Christmas tree worms take their common name from their appearance, of course. They are sedentary, as they feed using their crown. Feeding Behavior (Ecology) Christmas tree worms, Spirobranchus giganteus, are polychaete ciliary feeders that feed using their radioles, the hair-like appendages or “feathers” that circle outward from the central spine, to catch phytoplankton floating by in the water. Oh right – maybe with different words? Naturally, the life cycle of the spirobranchus worm begins with the larval stage.

Christmas tree worms, Spirobranchus giganteus, are found on coral reefs in tropical waters worldwide. So if a scary predator happens to come swimming … Christmas tree worms are tube-building polychaete worms.

They are sedentary, as they feed using their crown. There's even a specially modified tentacle that serves to plug the hole and keep it securely sealed. Christmas tree worms anchor their bodies to the coral reefs, burrowing holes in their new home. ID:15283873 Segmentation was an important evolutionary step that allowed greater diversity in organisms' body plans.

Their life cycles are biphasic with two separate well-defined phases (larval and adult). New photos added daily. Jul 24, 2012 - "Christmas tree worm" is the common name for a marine worm that lives on tropical coral reefs around the world. For those who celebrate Christmas, tree decorating comes once a year, but in the world's tropical seas, 'tis always the season! They are abundant with few predators and are therefore not considered an endangered species. These worms usually live on big coral heads inside a tube that will serve as both home and protection. They are abundant with few predators and are therefore not considered an endangered species. The "Christmas tree" shown here are the animal's radioles, which can be up to about 1-1/2 inches across. Their scientific classification tells us lots more about these animals.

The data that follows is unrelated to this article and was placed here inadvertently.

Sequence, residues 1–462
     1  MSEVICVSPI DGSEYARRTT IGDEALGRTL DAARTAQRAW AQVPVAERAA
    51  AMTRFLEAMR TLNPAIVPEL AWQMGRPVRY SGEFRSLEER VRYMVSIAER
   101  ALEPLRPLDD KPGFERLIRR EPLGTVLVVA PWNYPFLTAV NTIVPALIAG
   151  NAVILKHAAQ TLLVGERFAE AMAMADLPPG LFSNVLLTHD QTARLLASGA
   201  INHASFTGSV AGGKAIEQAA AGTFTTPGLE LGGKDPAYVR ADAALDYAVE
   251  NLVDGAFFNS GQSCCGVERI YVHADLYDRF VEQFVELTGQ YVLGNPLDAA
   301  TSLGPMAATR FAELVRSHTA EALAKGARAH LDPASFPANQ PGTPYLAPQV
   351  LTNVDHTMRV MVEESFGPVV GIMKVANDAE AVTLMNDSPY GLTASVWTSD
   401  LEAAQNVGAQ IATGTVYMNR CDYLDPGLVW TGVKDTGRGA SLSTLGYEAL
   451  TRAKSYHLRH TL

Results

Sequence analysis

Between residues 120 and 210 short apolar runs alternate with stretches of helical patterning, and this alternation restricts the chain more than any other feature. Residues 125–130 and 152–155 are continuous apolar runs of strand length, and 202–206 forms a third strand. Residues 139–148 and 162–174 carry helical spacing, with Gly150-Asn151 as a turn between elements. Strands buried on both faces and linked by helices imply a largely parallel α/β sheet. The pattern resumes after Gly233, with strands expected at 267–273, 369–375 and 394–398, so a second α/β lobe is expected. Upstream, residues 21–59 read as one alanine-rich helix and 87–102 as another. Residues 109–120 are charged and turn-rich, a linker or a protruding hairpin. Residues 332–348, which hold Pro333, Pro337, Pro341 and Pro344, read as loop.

These stunning creatures give the seaweed they cling to the appear­ance of an aquatic Christmas tree on which a brand new ornament has been placed. Download this picture of Christmas tree worms for FREE! Christmas tree worms are sedentary tube-building polychaetes from the phylum annelida and exist almost exclusively on large stony brain corals and porites filter-feeding on microplankton. Oh right – maybe with different words? So if a scary predator happens to come swimming by, they can quickly retreat. The Christmas Tree Worm (Spirobranchus giganteus) is a colorful marine worm with beautiful, spiraling plumes that resemble a fir tree. You can find the Christmas tree worm on most tropical reefs. Well, most. Anyway, now is the perfect time to take another look at these remarkable subsurface symbols of seasonal good cheer (nb they are animals not plants). For Christmas Tree Worms, Christmas trees are for life, not just Christmas.

Well, most. The larvae feed on microscopic plankton for a few days until they locate a stony coral head.

The Christmas Tree Worm is its common nickname but in fact this member of the tube-dwelling marine sea worm family is found mostly on coral reefs and is scientifically called Spirobranchus giganteus. Their life cycles are biphasic with two separate well-defined phases (larval and adult). Christmas tree worms are invertebrate animals which need carbon and nitrogen for nourishment (heterotrophic).